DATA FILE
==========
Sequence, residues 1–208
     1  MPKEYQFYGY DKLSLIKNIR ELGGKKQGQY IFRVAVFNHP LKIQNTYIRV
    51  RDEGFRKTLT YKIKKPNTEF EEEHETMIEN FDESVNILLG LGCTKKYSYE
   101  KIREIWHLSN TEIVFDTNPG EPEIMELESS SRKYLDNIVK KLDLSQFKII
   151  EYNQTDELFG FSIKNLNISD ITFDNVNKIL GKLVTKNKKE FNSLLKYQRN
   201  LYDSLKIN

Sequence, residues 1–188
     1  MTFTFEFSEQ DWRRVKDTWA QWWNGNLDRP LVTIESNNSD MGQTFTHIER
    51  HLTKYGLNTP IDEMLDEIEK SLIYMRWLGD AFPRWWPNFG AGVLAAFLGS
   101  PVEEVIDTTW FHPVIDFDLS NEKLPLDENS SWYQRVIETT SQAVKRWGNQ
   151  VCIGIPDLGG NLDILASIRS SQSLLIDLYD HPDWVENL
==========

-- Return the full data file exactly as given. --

Sequence, residues 1–208
     1  MPKEYQFYGY DKLSLIKNIR ELGGKKQGQY IFRVAVFNHP LKIQNTYIRV
    51  RDEGFRKTLT YKIKKPNTEF EEEHETMIEN FDESVNILLG LGCTKKYSYE
   101  KIREIWHLSN TEIVFDTNPG EPEIMELESS SRKYLDNIVK KLDLSQFKII
   151  EYNQTDELFG FSIKNLNISD ITFDNVNKIL GKLVTKNKKE FNSLLKYQRN
   201  LYDSLKIN

Sequence, residues 1–188
     1  MTFTFEFSEQ DWRRVKDTWA QWWNGNLDRP LVTIESNNSD MGQTFTHIER
    51  HLTKYGLNTP IDEMLDEIEK SLIYMRWLGD AFPRWWPNFG AGVLAAFLGS
   101  PVEEVIDTTW FHPVIDFDLS NEKLPLDENS SWYQRVIETT SQAVKRWGNQ
   151  VCIGIPDLGG NLDILASIRS SQSLLIDLYD HPDWVENL